“Will you forgive us?” they said from the platform at Global Youth Summit. “As North Americans, if, through pride or selfish independence, we have said, ‘I am not part of the body…’ Will you forgive us? If we have known that other parts of Christ’s body suffer, and have refused to share their pain… Will you forgive us? If in place of Christ, the head of the body, we have served our own theology, tradition, or prejudice, and loved only those who loved or looked like us… Will you forgive us?” As I reflect back on my experience at the 15th Assembly of Mennonite World Conference, this litany, shared by North American young people, remains at the forefront of my mind. It was an important reminder to me that true unity is not possible without a recognition of power inequalities in the church.

In order to bring about this unity based on reconciliation, power imbalances in the church must be named. In Mennonite Church USA we recognize that this means questioning our institutional structures and the ways in which they favor white, Euro-centric styles of leadership over the leadership styles of other groups of people. As a denomination we have committed ourselves to being anti-racist and we recognize that it will take much time and effort to overcome the oppression that is embedded in our structures. (more…)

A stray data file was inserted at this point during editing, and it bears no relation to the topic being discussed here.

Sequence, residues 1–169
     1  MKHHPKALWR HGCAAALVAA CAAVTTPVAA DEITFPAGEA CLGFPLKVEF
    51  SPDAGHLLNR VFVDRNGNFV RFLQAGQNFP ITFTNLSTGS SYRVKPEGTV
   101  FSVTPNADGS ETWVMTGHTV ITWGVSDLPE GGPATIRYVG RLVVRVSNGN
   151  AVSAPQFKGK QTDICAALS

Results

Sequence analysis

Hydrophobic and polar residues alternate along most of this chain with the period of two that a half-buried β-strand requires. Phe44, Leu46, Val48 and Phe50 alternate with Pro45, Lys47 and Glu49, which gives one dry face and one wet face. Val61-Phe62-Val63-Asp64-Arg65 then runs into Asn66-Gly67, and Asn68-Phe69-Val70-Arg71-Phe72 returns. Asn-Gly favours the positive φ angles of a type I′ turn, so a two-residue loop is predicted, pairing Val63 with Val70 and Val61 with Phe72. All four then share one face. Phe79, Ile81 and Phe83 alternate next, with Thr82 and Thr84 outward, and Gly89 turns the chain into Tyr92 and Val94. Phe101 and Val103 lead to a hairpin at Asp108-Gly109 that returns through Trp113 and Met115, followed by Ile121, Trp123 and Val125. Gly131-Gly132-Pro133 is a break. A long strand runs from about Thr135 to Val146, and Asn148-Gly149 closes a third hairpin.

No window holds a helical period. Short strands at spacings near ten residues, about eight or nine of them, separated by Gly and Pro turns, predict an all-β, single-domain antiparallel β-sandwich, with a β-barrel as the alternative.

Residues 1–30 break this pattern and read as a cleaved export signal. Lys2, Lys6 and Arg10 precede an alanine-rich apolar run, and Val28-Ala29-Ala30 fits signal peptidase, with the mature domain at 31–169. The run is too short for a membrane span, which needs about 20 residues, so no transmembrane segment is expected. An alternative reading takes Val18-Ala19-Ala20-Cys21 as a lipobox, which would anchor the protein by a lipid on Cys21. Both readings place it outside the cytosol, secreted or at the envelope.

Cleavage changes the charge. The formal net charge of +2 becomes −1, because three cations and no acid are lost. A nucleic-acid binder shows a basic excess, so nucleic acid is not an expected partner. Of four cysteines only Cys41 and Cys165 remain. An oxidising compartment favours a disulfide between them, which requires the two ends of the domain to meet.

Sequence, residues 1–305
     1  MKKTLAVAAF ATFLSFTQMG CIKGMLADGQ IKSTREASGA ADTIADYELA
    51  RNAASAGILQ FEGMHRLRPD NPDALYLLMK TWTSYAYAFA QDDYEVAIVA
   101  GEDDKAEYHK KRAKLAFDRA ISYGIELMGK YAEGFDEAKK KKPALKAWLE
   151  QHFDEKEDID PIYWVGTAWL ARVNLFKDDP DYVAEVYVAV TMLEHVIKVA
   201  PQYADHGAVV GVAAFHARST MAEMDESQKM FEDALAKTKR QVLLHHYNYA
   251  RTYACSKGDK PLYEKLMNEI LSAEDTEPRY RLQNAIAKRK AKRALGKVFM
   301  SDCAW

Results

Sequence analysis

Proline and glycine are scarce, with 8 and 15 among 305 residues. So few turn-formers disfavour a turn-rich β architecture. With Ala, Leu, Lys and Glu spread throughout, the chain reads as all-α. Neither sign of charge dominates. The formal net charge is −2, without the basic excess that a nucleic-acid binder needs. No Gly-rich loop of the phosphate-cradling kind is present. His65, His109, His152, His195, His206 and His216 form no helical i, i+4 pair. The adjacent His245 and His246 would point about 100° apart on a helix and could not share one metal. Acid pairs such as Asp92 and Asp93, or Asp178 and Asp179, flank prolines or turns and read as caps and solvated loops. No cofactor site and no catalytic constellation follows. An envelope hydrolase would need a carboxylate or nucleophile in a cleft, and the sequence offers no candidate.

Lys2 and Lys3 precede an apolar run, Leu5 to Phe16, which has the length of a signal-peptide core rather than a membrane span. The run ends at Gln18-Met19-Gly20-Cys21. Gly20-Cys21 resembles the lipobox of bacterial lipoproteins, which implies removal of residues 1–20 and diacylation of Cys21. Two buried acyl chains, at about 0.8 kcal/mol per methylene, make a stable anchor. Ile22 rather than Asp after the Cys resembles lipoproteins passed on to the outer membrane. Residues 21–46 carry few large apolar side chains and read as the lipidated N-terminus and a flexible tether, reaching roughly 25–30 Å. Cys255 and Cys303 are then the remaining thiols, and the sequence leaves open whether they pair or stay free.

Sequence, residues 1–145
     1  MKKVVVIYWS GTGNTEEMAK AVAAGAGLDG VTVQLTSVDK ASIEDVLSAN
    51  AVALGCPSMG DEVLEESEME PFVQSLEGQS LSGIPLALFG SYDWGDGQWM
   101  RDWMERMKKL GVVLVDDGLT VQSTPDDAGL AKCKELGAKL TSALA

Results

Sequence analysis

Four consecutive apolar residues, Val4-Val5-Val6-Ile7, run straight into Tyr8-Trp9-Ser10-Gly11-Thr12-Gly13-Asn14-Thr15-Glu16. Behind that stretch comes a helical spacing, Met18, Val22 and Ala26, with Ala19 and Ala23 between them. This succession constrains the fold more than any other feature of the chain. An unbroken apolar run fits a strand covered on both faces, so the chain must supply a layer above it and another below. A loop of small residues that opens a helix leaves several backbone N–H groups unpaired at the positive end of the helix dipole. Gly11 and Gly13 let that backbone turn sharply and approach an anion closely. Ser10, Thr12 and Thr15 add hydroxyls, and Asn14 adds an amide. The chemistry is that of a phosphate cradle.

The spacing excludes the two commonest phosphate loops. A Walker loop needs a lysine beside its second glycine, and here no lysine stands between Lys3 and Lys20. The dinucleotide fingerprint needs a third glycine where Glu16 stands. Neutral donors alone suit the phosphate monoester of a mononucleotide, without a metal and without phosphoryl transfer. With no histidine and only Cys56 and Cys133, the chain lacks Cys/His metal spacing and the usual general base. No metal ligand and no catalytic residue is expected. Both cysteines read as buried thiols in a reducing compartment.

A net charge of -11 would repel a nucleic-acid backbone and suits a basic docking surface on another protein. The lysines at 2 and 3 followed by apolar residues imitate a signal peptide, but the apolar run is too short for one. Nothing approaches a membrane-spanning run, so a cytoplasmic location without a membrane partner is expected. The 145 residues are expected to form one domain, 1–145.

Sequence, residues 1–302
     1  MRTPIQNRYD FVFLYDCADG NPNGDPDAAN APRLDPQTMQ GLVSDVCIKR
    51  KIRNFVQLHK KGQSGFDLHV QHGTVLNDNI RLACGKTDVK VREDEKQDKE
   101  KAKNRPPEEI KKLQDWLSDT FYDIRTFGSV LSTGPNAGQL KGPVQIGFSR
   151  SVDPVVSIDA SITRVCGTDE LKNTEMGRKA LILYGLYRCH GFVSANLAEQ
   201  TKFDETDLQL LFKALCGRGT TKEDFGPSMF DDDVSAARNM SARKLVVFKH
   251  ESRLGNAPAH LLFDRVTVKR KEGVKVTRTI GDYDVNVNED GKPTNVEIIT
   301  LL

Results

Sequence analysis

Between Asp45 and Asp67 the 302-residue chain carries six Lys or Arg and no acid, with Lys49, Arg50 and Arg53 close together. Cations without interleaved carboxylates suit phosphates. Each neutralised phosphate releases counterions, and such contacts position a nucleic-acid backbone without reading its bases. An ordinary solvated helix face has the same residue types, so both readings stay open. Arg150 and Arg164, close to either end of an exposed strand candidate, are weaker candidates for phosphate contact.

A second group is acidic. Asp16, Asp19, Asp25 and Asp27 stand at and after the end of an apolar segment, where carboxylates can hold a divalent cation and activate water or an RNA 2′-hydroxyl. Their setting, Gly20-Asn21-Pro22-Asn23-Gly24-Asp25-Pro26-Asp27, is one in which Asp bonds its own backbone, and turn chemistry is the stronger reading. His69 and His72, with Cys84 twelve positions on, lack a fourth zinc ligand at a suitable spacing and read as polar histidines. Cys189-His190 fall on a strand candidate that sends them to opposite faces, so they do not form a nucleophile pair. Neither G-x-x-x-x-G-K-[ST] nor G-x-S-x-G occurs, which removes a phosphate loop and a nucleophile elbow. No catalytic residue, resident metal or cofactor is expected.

New Wine/New Wineskins Follow-up

Since I last wrote, Allan has provided this info that completes the reporting from the Winnipeg meetings. (Thanks Allan)! A document entitled “Recommendations from September 2009 Inquiry Task Force Meeting” has been posted on MCC’s website that gives further context, and charts a path forward in addressing the concerns that were named. I would encourage each of you to read this.

MCC relates to what you are about as Young Anabaptist Radicals, and this process is significant for MCC and the broader church community.

MCC is a radical organization: it is about living out our basic values as Anabaptist Christians, rooted in the teachings of Jesus, Scripture, and in the Anabaptist church community. It is important for the broader Anabaptist community to be aware of and speak into this New Wine, New Wineskins process that is engaging MCC stakeholders in discerning God’s direction for the organization. This in-depth listening and evaluation has been guided by three core questions: (more…)

New Wine New Wineskins

The “final” meetings of the New Wine/New Wineskins Inquiry Task Force (ITF) committee were last weekend in Winnipeg. I thought some of you may want to know about it. MCC is trying to deepen existing bonds of connection and respond to world in a new way through modification of its vision, mission, priorities, values, and approaches…as well as its structure. The New Wine/New Wineskins process was a broad consultation to help think through how we do this.